Illustration: Aïda Amer/Axios

Elite U.S. tech workers, some awakened to political organizing by the election of President Trump, are increasingly giving their own CEOs a painful wakeup call via internal dissents on company business decisions and policies.

Between the lines: It's a "Revolt of the Haves," with highly-paid workers seeking to leverage their employers in ways that lower-skilled workforces cannot, AP's Mae Anderson and Matt O'Brien report.

Microsoft and Amazon workers have dissented on facial recognition projects used by U.S. law enforcement and immigration services.

  • Google staffers have protested the company's censored search engine for China and its projects with the U.S. military.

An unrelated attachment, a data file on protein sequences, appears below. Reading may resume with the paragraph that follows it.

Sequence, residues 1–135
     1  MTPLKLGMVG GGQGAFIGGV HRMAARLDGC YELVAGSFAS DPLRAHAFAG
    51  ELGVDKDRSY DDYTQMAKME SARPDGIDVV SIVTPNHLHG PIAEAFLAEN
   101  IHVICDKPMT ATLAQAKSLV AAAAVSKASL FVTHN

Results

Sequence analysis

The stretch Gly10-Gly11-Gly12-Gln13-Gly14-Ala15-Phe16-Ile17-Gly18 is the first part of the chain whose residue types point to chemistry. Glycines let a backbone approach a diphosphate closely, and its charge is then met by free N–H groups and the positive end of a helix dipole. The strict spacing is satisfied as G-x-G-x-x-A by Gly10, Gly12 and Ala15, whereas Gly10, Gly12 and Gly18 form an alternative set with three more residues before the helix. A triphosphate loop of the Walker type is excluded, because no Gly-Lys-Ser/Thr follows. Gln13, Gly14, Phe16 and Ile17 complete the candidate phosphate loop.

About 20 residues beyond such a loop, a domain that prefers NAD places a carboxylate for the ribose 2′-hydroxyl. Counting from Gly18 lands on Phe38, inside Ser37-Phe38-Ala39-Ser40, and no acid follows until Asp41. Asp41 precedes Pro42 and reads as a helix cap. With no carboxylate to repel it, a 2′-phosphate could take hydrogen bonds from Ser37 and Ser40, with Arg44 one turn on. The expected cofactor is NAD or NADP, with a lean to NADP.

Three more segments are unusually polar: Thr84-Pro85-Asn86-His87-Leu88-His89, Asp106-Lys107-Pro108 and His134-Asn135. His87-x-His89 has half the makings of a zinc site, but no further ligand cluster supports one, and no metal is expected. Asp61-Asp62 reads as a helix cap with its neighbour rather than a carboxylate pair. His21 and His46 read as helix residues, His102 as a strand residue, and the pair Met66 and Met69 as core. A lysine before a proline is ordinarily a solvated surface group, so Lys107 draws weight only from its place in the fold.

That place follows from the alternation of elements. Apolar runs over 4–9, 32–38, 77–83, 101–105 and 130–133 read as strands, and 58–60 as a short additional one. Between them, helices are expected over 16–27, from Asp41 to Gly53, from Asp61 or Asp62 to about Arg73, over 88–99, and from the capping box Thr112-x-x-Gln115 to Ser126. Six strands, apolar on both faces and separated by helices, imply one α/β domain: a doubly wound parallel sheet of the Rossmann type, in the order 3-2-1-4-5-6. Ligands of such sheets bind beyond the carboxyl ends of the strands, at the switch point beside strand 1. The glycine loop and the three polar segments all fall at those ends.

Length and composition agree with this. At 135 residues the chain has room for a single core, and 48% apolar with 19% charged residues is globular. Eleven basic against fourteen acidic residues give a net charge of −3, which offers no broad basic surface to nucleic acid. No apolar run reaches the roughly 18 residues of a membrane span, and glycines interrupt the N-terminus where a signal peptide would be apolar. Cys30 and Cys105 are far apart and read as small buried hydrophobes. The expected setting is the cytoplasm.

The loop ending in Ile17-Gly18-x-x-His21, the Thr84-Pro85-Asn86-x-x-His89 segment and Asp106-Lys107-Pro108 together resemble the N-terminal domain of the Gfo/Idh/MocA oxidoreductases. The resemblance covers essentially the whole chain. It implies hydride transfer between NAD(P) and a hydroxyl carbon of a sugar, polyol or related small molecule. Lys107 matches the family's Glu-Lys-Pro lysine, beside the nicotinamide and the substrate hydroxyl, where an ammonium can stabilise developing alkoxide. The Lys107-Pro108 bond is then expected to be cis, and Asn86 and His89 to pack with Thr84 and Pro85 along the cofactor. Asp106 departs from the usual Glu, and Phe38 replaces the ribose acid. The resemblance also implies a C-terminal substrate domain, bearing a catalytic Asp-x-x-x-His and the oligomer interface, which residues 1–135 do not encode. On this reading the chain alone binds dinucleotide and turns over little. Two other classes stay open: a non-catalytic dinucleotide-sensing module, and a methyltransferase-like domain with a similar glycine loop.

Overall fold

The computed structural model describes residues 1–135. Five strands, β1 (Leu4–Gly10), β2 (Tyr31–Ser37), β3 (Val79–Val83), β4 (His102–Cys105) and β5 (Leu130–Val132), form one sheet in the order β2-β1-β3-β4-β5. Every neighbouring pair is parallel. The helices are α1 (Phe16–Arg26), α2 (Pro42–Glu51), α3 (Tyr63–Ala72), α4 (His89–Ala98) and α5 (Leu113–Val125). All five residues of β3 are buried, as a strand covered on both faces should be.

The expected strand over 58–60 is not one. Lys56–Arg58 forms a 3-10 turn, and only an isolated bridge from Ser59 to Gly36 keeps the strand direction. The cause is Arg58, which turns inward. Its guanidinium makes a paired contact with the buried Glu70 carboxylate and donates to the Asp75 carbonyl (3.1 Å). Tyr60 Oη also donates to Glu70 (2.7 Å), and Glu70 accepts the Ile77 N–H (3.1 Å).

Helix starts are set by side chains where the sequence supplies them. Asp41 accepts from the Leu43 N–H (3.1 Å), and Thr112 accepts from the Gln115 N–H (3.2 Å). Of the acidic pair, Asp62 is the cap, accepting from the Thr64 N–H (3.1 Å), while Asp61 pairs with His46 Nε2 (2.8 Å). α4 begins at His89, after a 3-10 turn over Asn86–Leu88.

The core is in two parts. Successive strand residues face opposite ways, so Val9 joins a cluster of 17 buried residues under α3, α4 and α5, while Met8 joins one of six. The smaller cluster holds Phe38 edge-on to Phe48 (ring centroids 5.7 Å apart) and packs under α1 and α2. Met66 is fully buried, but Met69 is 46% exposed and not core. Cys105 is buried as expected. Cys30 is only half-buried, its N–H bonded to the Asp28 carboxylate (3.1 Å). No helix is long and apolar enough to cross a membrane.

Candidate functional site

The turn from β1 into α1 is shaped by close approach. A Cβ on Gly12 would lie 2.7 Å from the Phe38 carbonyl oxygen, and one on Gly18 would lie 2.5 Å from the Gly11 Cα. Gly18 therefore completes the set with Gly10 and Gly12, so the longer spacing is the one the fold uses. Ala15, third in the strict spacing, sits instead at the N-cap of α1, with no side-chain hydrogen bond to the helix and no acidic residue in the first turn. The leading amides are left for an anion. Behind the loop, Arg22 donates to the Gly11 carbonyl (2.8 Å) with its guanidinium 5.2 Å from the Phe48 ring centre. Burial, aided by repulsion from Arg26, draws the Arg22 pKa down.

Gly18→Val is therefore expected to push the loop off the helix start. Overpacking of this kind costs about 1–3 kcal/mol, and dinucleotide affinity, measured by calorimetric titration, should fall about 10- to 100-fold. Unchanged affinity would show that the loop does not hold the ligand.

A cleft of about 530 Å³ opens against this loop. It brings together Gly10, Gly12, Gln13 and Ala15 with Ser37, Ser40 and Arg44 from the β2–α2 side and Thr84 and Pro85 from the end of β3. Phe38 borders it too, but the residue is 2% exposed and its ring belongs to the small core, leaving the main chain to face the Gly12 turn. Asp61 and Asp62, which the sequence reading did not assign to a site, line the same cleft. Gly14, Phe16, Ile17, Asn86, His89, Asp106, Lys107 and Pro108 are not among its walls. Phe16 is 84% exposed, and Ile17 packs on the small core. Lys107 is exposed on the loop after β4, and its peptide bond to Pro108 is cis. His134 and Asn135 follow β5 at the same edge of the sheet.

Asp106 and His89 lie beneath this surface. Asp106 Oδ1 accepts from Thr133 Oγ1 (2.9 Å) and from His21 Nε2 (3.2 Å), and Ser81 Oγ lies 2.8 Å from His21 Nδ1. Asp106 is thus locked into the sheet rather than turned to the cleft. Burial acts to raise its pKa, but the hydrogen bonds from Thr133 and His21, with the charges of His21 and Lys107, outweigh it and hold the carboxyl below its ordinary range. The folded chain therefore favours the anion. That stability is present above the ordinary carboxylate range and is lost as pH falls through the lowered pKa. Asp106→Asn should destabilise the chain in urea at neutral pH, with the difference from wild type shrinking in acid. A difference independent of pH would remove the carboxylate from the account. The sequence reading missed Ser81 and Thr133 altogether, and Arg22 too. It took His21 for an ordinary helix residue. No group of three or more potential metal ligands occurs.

• Just this week, hundreds of Google employees walked out in protest of the company's handling of sexual harassment.
  • "Walkout co-organizer Meredith Whittaker... said in an interview that workers’ demands for better treatment at the company are intertwined with their larger concerns about a 'general abuse of power' that includes how Google’s business ventures affect society."

The bottom line: The midterms are Tuesday, but these political earthquakes look like they're just getting started.

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Pence no longer expected at Amy Coney Barrett's final confirmation vote

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Driving the news: Five of Pence's aides were recently diagnosed with COVID-19, including his chief of staff, who is currently quarantining. Pence has continued his campaign travel despite his possible exposure, which goes against CDC guidelines.